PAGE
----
The Archaeological park of Scolacium hosts the ruins of the ancient Greek City of Skilletion that became a Roman colony after the war against Hannibal, and assumed the name of Minervia Scolacium. Little remains of the pre-Roman settlement, while the structure of the Roman colony and rests of paved roads and aqueduct, of the thermal plant, the amphitheater and the theater are still visible. The theater lies on a natural hill slope and could seat about 5000 people. It was built during the 1st century AD, and was equipped with a new scene when the new colony was founded by Nerva.
In the same period, the town became a considerable monumental center with developed built-up areas. The theater was subject to successive renewals till the 4th century AD. Most materials discovered during digging campaigns come from the theater and include remarkable architectural fragments and sculpted groups. Close to the theater, rests of the amphitheater were found, whose construction dates back to Nerva times. The Park also hosts the Basilica of Santa Maria di Roccella, founded between the 11th and 12th centuries following the canons of the Romanic art with Byzantine and Arab influences.References:
Roman Walls of Lugo are an exceptional architectural, archaeological and constructive legacy of Roman engineering, dating from the 3rd and 4th centuries AD. The Walls are built of internal and external stone facings of slate with some granite, with a core filling of a conglomerate of slate slabs and worked stone pieces from Roman buildings, interlocked with lime mortar.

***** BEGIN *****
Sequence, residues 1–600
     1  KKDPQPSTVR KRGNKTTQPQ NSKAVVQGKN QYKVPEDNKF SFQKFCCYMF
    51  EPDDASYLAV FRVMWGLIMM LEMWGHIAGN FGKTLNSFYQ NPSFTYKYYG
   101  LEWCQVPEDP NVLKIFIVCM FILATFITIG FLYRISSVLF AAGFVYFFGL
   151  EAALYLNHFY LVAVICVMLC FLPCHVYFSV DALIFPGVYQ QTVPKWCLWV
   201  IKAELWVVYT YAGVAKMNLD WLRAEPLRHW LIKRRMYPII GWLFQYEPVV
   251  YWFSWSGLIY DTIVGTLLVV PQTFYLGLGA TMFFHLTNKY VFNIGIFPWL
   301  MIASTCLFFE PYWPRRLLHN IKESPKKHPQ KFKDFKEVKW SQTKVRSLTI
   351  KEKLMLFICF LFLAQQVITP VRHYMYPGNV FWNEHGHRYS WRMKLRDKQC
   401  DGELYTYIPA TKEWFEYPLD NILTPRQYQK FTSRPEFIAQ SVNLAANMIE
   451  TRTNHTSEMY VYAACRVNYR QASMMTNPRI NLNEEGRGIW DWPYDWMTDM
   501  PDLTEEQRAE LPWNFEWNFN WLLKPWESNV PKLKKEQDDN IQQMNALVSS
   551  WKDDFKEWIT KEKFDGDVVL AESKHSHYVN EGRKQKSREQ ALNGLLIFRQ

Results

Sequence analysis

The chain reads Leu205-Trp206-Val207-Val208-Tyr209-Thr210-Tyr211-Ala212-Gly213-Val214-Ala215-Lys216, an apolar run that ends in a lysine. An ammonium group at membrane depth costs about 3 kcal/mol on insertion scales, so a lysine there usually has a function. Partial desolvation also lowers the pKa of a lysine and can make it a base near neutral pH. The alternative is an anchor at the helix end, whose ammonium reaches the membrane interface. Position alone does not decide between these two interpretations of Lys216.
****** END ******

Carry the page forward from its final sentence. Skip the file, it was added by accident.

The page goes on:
Their total length of 2117 m in the shape of an oblong rectangle occupies an area of 1.68 ha. Their height varies between 8 and 10 m, with a width of 4.2 m, reaching 7 m in some specific points. The walls still contain 85 external towers, 10 gates (five of which are original and five that were opened in modern times), four staircases and two ramps providing access to the walkway along the top of the walls, one of which is internal and the other external. Each tower contained access stairs leading from the intervallum to the wall walk of town wall, of which a total of 21 have been discovered to date.
The defences of Lugo are the most complete and best preserved example of Roman military architecture in the Western Roman Empire.
Despite the renovation work carried out, the walls conserve their original layout and the construction features associated with their defensive purpose, with walls, battlements, towers, fortifications, both modern and original gates and stairways, and a moat.
Since they were built, the walls have defined the layout and growth of the city, which was declared a Historical-Artistic Ensemble in 1973, forming a part of it and becoming an emblematic structure that can be freely accessed to walk along. The local inhabitants and visitors alike have used them as an area for enjoyment and as a part of urban life for centuries.
The fortifications were added to UNESCO"s World Heritage List in late 2000 and are a popular tourist attraction.